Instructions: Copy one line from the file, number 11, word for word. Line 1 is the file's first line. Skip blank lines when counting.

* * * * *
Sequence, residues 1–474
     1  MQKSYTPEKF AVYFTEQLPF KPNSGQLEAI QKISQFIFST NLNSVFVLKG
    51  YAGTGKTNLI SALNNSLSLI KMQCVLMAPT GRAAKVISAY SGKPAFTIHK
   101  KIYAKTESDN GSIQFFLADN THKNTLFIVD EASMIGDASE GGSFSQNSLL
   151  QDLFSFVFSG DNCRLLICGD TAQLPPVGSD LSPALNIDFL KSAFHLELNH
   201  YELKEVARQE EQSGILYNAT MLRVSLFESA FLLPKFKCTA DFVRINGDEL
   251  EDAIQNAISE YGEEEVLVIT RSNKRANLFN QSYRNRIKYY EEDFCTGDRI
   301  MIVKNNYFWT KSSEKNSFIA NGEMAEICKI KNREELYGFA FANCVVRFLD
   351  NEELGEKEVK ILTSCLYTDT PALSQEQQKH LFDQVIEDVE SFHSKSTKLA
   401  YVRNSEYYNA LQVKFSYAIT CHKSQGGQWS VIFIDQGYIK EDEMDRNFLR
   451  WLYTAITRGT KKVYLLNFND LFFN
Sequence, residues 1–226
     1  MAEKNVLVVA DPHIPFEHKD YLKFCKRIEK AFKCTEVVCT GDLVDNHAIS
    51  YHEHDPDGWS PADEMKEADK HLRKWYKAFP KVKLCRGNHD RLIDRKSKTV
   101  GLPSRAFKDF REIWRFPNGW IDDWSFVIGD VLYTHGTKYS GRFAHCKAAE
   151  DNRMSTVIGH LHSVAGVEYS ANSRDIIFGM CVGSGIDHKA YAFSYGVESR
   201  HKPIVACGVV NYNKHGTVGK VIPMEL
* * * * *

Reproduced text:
   451  WLYTAITRGT KKVYLLNFND LFFN